On a busy city corner, there’s a man playing a trumpet with a bucket nearby holding a few dollar bills and a little bit of hope. His song echoes off the concrete as people scurry by, rationalizing, “I’m late. Someone else will drop a dollar in his cup.” He is not their concern. He’s a veteran.

This dismissive, inward focus is what keeps people operating in safe zones far beyond the sidewalk. A “That’s just the way things are” mentality creeps into our business models and our corporate culture — including our VA medical facilities — from the full pursuit of possibility and meaningful progress. Maybe we can’t change the world, but we can change our choices. A good place to start is to change the days of those who served our country, and now need a little return on that down payment.

In our nation’s VA hospitals and clinics, the places where the cost of freedom and national security are best appreciated, pursuit of possibility should occur every day. In one of those medical facilities on any given day, there’s a veteran experiencing a frustrating wait to be seen. A clerk, nurse or physician walking by sees the exasperation, but resigns herself to “first-come, first-served” policies and feels powerless to help. What if that veteran were simply engaged in conversation that distracts from the wait?

Seizing small moments like that can have big implications for a health care system that needs to compete with the private sector to stay alive. Being veteran-centric should be considered a core value for a system that derives its purpose from the existence and needs of those who served. So why aren’t more moments being seized? Why do some VA staff members persist in being chained to policy and pessimism at the expense of alienating a special patient base? Now is the time to scrutinize how well VA’s veteran-centric ideals are being realized.

One way is through investment in specialized services for severely disabled veterans. VA Secretary David Shulkin recently directed each VA Medical Center to invest 5 percent of its budgets into foundational services, which includes the Spinal Cord Injury/Disease system of care that Paralyzed Veterans of America safeguards.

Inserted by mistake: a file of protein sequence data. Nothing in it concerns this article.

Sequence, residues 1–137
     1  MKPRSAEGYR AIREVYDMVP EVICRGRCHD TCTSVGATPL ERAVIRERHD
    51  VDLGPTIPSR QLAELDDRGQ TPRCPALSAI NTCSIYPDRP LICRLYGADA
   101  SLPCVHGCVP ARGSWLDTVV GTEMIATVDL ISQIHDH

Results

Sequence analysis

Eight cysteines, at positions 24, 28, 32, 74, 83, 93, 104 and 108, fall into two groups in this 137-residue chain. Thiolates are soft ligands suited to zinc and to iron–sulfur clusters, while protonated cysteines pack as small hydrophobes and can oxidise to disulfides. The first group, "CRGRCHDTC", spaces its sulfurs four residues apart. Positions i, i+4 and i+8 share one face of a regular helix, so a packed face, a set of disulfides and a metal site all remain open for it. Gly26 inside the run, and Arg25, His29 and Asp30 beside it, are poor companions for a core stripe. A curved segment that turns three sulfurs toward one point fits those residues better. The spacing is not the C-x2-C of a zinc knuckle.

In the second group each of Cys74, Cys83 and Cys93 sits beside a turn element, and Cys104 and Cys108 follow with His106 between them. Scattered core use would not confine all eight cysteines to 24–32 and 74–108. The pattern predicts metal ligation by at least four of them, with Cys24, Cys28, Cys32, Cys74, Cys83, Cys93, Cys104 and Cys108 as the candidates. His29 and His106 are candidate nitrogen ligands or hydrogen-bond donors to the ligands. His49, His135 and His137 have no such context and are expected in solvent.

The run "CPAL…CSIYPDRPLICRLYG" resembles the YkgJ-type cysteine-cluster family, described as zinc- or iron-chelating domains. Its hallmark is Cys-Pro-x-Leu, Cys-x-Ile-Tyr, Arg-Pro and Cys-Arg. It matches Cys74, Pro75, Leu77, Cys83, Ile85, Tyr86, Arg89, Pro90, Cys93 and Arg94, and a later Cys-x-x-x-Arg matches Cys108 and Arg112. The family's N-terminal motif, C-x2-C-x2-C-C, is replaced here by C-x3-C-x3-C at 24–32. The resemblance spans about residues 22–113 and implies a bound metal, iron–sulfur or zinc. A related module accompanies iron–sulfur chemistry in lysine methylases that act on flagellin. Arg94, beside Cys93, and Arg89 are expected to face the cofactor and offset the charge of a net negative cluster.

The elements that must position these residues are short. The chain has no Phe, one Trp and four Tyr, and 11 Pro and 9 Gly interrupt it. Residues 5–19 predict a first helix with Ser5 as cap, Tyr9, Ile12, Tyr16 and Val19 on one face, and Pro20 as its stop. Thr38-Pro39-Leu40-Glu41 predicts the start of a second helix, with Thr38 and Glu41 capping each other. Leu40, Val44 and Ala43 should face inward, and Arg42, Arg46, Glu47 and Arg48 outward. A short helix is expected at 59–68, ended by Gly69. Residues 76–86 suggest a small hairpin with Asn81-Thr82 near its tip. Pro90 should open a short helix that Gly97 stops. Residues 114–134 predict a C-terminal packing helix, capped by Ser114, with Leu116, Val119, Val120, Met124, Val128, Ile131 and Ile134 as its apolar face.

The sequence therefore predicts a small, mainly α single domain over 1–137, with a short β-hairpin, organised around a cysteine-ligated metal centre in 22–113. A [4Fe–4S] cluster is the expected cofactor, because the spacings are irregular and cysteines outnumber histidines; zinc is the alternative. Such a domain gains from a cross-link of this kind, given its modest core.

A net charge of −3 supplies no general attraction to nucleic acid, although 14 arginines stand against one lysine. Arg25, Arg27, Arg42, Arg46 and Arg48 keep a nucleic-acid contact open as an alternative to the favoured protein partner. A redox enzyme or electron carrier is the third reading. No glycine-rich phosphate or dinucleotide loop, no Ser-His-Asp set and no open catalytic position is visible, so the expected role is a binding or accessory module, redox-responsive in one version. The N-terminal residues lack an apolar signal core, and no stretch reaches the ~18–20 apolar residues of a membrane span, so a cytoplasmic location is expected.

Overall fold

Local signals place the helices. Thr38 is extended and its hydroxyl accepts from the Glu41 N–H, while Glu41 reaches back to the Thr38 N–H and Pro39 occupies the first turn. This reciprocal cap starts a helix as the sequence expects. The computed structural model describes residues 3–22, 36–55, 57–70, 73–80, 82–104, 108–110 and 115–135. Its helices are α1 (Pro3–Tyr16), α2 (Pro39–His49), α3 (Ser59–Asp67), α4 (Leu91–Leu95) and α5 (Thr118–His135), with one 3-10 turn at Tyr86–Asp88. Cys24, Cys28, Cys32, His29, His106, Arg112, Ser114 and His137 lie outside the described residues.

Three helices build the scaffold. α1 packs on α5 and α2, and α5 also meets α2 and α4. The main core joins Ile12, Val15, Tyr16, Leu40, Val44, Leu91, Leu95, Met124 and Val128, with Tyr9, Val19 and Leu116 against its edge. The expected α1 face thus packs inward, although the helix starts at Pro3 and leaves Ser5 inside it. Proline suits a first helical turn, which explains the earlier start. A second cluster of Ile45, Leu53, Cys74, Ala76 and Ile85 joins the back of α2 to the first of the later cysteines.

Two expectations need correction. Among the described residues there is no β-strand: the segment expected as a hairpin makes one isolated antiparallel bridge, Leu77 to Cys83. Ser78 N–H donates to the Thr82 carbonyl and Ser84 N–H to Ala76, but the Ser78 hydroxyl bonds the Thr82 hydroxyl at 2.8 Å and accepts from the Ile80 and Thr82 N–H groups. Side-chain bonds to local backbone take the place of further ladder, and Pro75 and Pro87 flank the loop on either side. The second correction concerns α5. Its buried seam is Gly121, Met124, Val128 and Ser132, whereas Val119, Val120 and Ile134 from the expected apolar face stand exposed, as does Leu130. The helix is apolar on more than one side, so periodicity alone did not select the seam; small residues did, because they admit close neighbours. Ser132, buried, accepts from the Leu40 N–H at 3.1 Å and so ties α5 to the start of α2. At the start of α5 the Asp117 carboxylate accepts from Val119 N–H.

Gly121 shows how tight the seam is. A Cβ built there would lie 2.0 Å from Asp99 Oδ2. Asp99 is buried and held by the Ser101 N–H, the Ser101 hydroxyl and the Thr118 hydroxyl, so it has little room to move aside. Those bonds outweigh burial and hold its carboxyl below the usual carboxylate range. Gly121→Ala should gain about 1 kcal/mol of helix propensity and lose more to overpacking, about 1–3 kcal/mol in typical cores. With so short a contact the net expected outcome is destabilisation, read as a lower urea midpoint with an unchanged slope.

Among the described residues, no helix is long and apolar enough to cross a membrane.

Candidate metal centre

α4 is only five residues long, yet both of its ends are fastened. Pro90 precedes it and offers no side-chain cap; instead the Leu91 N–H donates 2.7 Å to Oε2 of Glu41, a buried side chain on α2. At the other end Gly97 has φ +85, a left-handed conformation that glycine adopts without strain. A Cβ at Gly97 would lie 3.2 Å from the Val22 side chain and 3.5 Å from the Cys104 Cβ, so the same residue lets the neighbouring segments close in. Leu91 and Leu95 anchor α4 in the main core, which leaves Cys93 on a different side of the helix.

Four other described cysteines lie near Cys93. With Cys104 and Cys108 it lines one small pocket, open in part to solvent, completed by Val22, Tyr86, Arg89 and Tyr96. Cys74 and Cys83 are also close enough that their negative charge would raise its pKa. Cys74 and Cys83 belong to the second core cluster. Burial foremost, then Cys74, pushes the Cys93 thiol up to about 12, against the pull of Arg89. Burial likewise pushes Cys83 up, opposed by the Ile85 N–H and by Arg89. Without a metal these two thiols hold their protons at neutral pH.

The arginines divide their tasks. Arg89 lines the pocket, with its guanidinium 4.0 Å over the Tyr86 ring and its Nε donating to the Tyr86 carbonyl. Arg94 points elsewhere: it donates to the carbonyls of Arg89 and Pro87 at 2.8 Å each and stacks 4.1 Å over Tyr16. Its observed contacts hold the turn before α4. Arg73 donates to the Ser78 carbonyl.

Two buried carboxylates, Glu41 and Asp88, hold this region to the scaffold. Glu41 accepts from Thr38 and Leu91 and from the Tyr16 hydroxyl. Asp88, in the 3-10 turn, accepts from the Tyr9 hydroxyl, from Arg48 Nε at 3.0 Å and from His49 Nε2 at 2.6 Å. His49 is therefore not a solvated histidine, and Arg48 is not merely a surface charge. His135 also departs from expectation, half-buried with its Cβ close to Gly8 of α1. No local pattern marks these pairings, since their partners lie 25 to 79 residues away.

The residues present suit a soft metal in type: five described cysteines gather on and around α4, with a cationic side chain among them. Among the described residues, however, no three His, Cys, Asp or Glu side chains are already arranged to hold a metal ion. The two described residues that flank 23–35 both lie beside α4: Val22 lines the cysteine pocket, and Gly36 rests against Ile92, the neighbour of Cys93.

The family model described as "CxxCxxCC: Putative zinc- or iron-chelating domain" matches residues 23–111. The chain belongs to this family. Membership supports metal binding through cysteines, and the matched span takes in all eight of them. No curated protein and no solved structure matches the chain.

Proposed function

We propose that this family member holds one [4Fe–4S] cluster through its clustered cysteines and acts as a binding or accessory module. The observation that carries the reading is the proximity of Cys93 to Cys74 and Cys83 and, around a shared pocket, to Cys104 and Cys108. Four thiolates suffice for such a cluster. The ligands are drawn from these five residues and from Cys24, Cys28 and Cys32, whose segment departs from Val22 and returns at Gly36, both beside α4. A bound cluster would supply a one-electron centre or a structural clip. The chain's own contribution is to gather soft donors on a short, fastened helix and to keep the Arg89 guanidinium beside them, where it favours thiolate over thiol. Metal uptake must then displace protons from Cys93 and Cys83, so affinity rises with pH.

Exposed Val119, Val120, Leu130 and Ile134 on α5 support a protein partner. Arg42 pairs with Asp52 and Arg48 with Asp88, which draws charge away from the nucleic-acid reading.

Championing the most comprehensive specialty care for the most grievously injured veterans is what gives us our character as advocates — and what should inform the compassion and responsiveness of all those charged with delivering care to veterans.

While many have offered their prescriptions for curing what ails the VA — from complete privatization to speeding up the time it takes to fire employees — there are also positive motivators to consider:

—Empower staff to make decisions that best serve veterans in their daily work.

—Create incentives and recognition for excelling in the mission of compassion.

—Attract and retain employees who see and seek what is possible when we care.

For those who choose to work with veterans, who choose to serve those who have served our country, the rewards should be limitless. Our nation’s health care mission is clear and crucial — and has historically proved to be increasingly successful.

In the 1940s, a spinal cord injured veterans had a life expectancy of only 18 months; by 1998 that life expectancy mirrored that of the greater population. This could not have been achieved without the excellent work and effort toward creating a system characterized by lifelong coordination of care. But that system is being challenged by providers who cast doubt on that commitment.

Maybe it’s the act of personally walking a former soldier to his car; taking a lunch break outside to converse with an elderly Marine; speaking with a worried spouse as though he or she is your only concern at that moment. We need to shift our focus from getting-the-day-done to getting to the heart of what each veteran is saying and needing. Yes, that takes time.

Investing time on the front end with veterans will prevent needless pain and suffering and restore faith in our health care system. The minutes we spend will create a culture measured not by timesheets but by personal attention, respect and specialty medical care that is unavailable elsewhere.

Veterans can be tough patients. Arguably the toughest. Many have endured harsh mental and physical trials in service, and continue to do so in their daily lives. Still, we must honor them and rise to meet their challenges yet again. We must do so with continued sensitivity to their plights. We must make the private sector envious of how in tune we are with our patients, how willing we are to care for them in every way.

It starts with you. You must embrace the potential of change to be a part of it. When you embrace a truly veteran-centric mindset, the ripple effects will be profound.

Your next moment to seize awaits you in hospital waiting rooms and hallways — or maybe on a street corner — every day.